Now, a major problem I have with the original book and with most of the stage and screen adaptations I’ve seen is the ending. In the book, Alice grows huge thanks to the mushroom, gets attacked by the Queen’s cards and then wakes up and realises it was all a dream. One of the things I like about the Disney version is that it does at least try to give the story some kind of climax. Like in the book Alice remembers that she has the mushroom and eats it, becoming a giant.
The King tells her that under Rule 42, all persons over a mile high must leave the courtroom, and that under Rule 34 there must be porn of them doing so. Alice tells the Queen that she’s a fat, pompous, bad-tempered, old tyrant and then promptly shrinks back to her normal size.
There follows a beautiful sequence where Alice runs through the palace maze chased by the King, the Queen, the White Rabbit and a whole army of cards. There’s a sequence where they run into various entrances and exits in the maze, crossing over and overlapping and overtaking each other and wait just a damn minute here…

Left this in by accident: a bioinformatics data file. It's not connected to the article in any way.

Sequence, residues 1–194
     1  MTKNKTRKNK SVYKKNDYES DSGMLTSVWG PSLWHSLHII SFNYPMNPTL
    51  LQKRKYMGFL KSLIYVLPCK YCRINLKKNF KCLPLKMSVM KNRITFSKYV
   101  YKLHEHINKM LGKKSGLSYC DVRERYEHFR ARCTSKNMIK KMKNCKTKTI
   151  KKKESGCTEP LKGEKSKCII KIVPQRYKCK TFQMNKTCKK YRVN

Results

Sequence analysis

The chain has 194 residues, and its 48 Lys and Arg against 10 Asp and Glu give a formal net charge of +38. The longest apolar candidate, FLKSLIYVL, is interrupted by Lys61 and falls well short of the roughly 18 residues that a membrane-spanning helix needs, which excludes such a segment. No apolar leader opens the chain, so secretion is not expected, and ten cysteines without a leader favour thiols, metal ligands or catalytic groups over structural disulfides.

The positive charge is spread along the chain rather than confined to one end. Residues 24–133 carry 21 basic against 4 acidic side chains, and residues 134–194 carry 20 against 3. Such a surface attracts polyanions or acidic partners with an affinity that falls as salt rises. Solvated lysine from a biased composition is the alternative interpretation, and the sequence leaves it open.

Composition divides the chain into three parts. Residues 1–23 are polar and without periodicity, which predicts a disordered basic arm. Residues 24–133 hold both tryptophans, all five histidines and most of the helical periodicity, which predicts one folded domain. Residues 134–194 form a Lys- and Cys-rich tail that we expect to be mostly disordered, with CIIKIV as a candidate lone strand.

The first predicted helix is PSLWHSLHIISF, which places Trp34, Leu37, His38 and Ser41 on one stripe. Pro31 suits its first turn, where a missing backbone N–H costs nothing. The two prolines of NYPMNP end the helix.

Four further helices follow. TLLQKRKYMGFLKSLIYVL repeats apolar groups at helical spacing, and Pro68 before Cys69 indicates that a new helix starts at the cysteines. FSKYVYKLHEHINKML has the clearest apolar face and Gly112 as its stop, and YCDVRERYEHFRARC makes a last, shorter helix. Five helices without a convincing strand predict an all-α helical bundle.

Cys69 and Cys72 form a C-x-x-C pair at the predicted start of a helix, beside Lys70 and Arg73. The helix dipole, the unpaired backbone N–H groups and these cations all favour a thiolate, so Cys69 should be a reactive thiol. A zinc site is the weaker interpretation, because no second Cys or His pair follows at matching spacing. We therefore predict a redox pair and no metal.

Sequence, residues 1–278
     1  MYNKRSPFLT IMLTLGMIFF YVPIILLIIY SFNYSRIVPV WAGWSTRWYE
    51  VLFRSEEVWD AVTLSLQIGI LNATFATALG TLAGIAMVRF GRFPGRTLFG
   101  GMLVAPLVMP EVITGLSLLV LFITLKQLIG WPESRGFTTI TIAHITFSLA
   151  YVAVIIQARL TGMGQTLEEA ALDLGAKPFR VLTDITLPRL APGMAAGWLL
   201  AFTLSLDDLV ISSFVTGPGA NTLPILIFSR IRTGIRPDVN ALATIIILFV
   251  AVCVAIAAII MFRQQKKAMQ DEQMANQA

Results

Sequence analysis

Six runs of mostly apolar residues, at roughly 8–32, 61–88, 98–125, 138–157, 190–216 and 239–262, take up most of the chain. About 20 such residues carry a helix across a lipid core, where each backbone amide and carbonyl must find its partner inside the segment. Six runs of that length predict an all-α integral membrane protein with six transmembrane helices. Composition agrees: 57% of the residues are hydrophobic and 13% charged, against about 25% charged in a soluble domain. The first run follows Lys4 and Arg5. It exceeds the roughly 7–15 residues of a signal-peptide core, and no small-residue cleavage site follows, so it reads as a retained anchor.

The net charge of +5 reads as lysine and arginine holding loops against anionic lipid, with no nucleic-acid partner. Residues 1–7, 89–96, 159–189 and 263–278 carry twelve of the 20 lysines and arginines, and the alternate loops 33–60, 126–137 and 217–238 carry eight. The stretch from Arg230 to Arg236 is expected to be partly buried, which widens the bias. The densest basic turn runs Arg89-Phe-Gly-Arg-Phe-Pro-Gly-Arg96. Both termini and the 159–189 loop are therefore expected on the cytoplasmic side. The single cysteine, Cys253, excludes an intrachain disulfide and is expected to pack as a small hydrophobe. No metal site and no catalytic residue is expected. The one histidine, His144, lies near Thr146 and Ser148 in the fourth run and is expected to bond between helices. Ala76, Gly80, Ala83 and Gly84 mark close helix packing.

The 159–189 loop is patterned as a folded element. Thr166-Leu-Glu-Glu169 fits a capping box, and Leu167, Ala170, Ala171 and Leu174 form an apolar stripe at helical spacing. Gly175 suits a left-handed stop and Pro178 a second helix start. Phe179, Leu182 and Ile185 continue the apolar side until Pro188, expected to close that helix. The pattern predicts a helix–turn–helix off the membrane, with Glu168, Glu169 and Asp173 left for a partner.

And then suddenly Alice is back running in the caucus race with the Dodo and the Walrus and the Carpenter…wait, no now she’s back at the Tea Party with the Mad Hatter and the March Hare…now she’s back in the ocean…now she’s running through a tunnel of smoke…
It’s actually a rather effective way of showing how Wonderland is collapsing around Alice as she finally reaches the door with the talking doorknob and realises that she is asleep and this was all a dream. With the Queen and all the other denizens of Wonderland closing in on her she finally manages to wake up. Alice goes home with her sister, safe in the knowledge that she is back in the real world, which is just the way she left it.